The evidence was more than sufficient to support the jury's finding that Brady is disabled as defined in the first prong of the ADA definition; I therefore need not analyze in detail whether the record would also have supported a jury finding under the third prong that Wal-Mart "regarded" Brady as disabled, although I conclude that the proof was likewise sufficient.*fn3 I am therefore satisfied that the jury's finding that Brady was within the class of persons protected by the ADA was in no way the "result of sheer surmise and conjecture," Cross, 417 F.3d at 248 (quoting Song v. Ives Labs., 957 F.2d 1041, 1046 (2d Cir. 1992), and I therefore deny the corresponding portion of Wal-Mart's motion.
C. The Transfer To The Parking Lot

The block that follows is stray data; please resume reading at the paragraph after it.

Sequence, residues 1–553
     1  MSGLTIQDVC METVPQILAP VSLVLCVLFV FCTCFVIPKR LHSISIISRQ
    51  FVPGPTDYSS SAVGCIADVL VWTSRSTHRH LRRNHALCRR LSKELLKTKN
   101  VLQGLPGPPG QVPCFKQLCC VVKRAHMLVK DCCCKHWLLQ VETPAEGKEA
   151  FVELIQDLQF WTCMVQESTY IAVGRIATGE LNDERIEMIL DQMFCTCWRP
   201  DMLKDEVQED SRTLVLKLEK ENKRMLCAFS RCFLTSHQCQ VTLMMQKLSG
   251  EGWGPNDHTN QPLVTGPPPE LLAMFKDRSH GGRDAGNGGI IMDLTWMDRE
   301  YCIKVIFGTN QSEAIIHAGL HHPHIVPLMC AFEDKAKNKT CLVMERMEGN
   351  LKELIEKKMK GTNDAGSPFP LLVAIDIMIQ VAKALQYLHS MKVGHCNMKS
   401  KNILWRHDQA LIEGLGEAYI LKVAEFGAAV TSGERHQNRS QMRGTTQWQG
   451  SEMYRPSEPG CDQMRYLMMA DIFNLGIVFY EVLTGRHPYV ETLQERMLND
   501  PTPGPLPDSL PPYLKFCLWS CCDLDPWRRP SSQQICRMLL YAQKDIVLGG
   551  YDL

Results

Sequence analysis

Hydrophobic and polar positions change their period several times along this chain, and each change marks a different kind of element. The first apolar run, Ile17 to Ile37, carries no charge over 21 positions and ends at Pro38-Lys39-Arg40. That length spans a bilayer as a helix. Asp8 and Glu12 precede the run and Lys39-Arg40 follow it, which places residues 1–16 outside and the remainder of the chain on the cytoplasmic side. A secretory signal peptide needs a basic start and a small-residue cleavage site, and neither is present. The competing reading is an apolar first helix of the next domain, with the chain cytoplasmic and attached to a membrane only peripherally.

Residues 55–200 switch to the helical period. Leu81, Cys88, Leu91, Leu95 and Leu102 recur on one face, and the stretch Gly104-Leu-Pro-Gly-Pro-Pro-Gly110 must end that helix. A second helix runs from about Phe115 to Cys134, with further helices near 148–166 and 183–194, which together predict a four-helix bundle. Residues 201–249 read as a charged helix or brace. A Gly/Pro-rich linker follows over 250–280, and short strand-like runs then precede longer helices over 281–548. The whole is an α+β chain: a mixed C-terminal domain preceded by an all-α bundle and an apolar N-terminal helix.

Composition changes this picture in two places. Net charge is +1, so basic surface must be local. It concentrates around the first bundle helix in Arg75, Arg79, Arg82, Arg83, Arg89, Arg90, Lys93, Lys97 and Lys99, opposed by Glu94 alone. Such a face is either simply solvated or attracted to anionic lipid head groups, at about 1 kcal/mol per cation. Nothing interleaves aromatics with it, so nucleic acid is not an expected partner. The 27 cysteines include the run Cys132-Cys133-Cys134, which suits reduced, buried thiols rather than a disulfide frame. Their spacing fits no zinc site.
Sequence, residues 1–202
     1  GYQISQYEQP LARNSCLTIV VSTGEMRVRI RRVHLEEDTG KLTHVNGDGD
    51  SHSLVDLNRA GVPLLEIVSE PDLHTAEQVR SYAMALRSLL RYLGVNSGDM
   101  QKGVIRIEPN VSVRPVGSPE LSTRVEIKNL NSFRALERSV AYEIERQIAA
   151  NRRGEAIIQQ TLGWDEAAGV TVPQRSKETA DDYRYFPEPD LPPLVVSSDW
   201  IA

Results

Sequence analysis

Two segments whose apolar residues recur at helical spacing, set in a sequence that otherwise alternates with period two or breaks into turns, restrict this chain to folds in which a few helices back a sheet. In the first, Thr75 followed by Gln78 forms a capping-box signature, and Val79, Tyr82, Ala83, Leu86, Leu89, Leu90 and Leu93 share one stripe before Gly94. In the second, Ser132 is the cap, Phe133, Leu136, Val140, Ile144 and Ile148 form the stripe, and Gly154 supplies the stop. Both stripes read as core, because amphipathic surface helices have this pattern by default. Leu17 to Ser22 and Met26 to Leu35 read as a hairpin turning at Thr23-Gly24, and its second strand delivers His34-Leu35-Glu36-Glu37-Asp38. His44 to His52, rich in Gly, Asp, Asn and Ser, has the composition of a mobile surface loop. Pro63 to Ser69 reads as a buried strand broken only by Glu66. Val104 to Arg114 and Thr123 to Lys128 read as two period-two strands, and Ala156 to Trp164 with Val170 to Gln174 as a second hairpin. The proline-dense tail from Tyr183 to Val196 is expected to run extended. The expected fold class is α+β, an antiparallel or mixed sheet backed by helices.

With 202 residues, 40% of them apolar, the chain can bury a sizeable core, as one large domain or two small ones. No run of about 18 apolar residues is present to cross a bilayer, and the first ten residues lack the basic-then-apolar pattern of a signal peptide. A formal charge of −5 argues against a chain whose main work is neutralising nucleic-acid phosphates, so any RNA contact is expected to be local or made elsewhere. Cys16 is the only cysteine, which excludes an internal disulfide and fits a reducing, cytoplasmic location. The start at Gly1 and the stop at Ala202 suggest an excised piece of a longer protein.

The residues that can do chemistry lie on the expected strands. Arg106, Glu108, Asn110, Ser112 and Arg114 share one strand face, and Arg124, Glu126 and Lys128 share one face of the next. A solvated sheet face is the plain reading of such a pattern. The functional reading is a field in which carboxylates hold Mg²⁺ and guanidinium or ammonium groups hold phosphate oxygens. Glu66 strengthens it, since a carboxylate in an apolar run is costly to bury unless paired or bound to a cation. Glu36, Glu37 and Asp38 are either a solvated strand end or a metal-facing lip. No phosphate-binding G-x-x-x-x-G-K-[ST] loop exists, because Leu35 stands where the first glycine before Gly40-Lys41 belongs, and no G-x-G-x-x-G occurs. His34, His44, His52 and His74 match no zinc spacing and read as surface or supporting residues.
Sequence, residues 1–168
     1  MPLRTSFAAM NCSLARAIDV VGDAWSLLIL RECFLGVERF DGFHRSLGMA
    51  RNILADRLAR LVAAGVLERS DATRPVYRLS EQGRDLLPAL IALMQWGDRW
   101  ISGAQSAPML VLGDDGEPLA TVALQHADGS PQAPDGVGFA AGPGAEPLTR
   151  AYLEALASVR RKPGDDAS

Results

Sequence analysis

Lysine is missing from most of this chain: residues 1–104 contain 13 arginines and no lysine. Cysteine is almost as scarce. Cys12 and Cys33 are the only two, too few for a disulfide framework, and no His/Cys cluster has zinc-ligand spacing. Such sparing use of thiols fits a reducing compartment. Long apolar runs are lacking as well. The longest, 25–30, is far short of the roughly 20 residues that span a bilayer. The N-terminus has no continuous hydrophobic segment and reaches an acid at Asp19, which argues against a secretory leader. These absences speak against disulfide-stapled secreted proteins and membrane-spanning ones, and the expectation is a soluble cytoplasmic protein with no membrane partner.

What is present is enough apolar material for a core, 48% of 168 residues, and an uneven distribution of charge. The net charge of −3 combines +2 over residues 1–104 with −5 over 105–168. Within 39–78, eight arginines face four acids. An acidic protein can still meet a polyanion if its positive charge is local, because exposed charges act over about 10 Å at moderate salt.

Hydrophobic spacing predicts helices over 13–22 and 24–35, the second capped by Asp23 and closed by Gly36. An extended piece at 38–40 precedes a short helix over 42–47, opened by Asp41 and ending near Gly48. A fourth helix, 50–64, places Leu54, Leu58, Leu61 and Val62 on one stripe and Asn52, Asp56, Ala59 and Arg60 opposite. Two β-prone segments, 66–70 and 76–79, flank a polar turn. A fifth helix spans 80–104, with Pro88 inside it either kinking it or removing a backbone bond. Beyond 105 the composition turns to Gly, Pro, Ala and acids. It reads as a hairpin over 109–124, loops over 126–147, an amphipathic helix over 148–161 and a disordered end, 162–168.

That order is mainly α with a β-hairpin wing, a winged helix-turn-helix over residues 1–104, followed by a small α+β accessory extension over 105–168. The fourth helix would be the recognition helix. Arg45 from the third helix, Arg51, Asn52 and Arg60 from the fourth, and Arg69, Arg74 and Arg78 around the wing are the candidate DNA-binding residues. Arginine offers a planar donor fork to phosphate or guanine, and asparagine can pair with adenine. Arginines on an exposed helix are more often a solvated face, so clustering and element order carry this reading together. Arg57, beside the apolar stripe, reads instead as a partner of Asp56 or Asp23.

The defendants next seek to negate the jury's verdicts on both the federal and state disability claims on the ground that the evidence failed to establish that Wal-Mart's transfer of Brady from the pharmacy to the cart-pushing position in the parking lot constituted an adverse employment action. Rule 50 Memo. at 12. Specifically, Wal-Mart contends that the transfer could not be considered a "setback" to Brady's career because the action was temporary, and that it also could not be considered a "demotion" because Brady did not offer any evidence "to refute that the transfer was a lateral move." Id. at 13, 16. Brady argues that his transfer to the parking lot constituted an adverse employment action because it negatively affected the terms and conditions of his employment. Brady contends that the transfer was to a less prestigious position, that the place he was to perform his duties changed from indoors to outdoors, that the opportunity for advancement was materially different, and that at the time of the transfer he understood it to be permanent. Rule 50 Opp. at 18-21.